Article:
Posted: 20 June 2014
It was just before 19:50. We were watching TV in the lounge when something outside caught my eye. "It's a fox!", I cried digging Diana in the ribs with my elbow, and dashed to the office where I'd left my camera. Fearing it would soon make a dash for it I took a quick picture from through the patio doors before going upstairs where I hoped to get better pictures.
Forty seconds later I was upstairs at our bedroom window and the fox was ambling slowly away along our grass path that runs beside the lake.
He's in no rush and its more than three minutes later before he turns left to take "The High Road" behind our New Arbour Seat.
And that, we thought, would be the last we would see of it. However, twenty minutes later the fox is back. Once more I dash upstairs, to where I'd left my camera, not having expected any more excitement. This time I'm bold enough to fling the window wide open. The noise makes the fox stare up at me.
Still he's in no rush. It's another twenty seconds before he turns and begins to walk away again. He's clearly seen that there's no easy way past the side of the house as there's a six foot fence to climb. Besides there's clear things of interest on the way as, once again, he stops to stare at something in the long grass.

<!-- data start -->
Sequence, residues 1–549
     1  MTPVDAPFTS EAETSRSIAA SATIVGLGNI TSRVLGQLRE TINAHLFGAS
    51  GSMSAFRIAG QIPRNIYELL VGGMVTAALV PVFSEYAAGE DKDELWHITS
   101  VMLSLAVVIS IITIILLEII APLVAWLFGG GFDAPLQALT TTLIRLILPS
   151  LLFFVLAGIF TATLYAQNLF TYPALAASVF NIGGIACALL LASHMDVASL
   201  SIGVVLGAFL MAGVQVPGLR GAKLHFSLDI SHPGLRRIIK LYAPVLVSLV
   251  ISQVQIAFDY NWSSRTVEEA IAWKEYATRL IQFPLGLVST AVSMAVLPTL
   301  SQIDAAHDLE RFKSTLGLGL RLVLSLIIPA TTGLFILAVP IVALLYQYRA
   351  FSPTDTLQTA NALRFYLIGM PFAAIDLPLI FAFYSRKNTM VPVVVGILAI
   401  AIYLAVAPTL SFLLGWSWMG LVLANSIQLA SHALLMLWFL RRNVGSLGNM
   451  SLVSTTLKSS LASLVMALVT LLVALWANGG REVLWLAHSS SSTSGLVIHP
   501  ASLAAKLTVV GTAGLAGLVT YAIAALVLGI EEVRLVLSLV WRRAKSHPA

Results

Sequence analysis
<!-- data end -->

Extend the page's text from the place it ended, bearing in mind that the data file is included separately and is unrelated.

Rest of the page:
It's another three minutes before it's got as far as the arbour. This time he takes the low road and spend some time examining the undergrowth in amongst the foxgloves! At one stage he pounces on something, but clear it gets away as there is no further attempt to capture anything.
The fox then continues its slow journey further down the path, again spending some time staring into the undergrowth just beyond the bridge to the island.
I guess the animal found his way to us across the main dyke to the west of us. That would have meant a bit of a swim in the foulest of green algae covered water. It didn't occur to me till afterwards that would suggest that he had been around for some time as his fur looked beautifully groomed and completely dry. It also gives credence to the idea that A Fox Destroyed The Eggs on the goose nest on the small island at the back of the lake.
And that wasn't the last we saw of him. He returned to the house a third time, but by this stage the light was fading fast and the pictures I have of this visit are blurry as my camera waved about and the exposure times were too long him.
He left this last time by the high road. My last picture was taken at 20:48, within a minute, a full hour after the first I took of him.